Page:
About a week ago, while looking for something online I stumbled across the NEQRP Club Web site. I hadn’t visited there in a long time but wasn’t surprised that the site was still intact. I don’t really know the current status of that group. Like a lot of the QRP clubs born in the explosion that began the Second Turning of low-powered radio enthusiasm, things have gone mostly silent and many of these kinds of sites have remained untouched for some time.

While clicking around there I discovered a partial archive of the the old club letter still available for download. Called the “72 Newsletter” it’s first edition appeared in January 1992. Face-to-face with such a treasure I spent the next several hours reliving the good old days when I first discovered the Joy of QRP.

It was a bittersweet discovery as many of the familiar old calls from that era had long since become Silent Keys, but it also sharpened some of the memories that had either become fuzzy or been completely lost. Any old QRPer would appreciate that archive.

And I always thought the NEQRP logo (designed by Jack Frake, NG1G) patch design was one of the best I had ever seen. It perfectly captured the mood and the movement that swept so many of us into this facet of the hobby. I had always intended to order one of those patches but never got around to it. I remember when it was first offered, four dollars for one or six dollars for two of them but I just never got around to it.

That prompted me to wonder if someone, in some corner of hamdom, might still have one in pristine condition that they would be willing to part with. I knew it was a long shot but I posted a message on the QRP-L mailing list to find out and sure enough, one kind soul replied in the affirmative.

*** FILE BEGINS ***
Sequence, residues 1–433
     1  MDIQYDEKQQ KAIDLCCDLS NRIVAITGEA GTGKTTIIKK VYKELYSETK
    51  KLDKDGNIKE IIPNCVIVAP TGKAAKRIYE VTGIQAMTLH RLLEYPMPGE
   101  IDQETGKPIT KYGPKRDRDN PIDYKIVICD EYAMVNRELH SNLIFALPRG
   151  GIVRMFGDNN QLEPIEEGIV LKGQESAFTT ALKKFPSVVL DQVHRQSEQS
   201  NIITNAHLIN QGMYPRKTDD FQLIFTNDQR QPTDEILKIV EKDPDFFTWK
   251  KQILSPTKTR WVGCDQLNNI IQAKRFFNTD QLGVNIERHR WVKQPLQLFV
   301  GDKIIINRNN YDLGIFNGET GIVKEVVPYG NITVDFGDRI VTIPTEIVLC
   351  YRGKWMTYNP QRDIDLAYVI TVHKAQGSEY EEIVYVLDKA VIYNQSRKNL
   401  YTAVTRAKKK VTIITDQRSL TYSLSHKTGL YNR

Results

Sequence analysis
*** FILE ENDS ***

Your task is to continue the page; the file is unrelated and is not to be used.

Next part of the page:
I received a very nice email from W2APF informing me that he did indeed have a patch and would be happy to send it to me at no charge - in his own words, “I’ll consider it my penance for purchasing a liberal amplifier this year”. It arrived yesterday in absolute pristine condition and I can’t believe I have this perfect NEQRP logo patch just one week later.

He also sent along a “bonus” patch from the Michigan QRP Club so I was doubly blessed by his generous act of QRP Kindness.

This story would end there except that he also stuffed in a few QSL cards for good measure and it turns out that Thaire Bryant, W2APF is quite the radio operator. He’s traveled around the world operating mostly QRP from the field in more places than I will ever visit. Have a look at his QRZ bio and you’ll see what I mean.

And there was more…

“The call sign W2APF was formerly held by David “Uncle Dave” Marks from the 1920’s until his death on January 11, 1992. “Uncle Dave” founded “The People’s Radio Store” in the early twenties. It became “Uncle Dave’s Radio Shack” in the early thirties (advertised in QST) and later was called “Fort Orange Radio”, all in Albany, New York. He loved people, travel, and Ham Radio. I married his granddaughter in 1978 and he infected me with the bug (amateur radio that is). My call sign changed from KA1MJR to W2APF on August 16, 1996 through The FCC vanity call system. W2APF is back on the air!”

I got the patch I was looking for plus one other and I got to discover this wonderful radio heritage. Was it worth the time spent spelunking thru PDF archives from somewhere back in our long ago? Absolutely. If our hobby was only about yakking on the radio I’d have grown bored with it decades ago.

But we have this amazingly rich history whose exploration never grows old.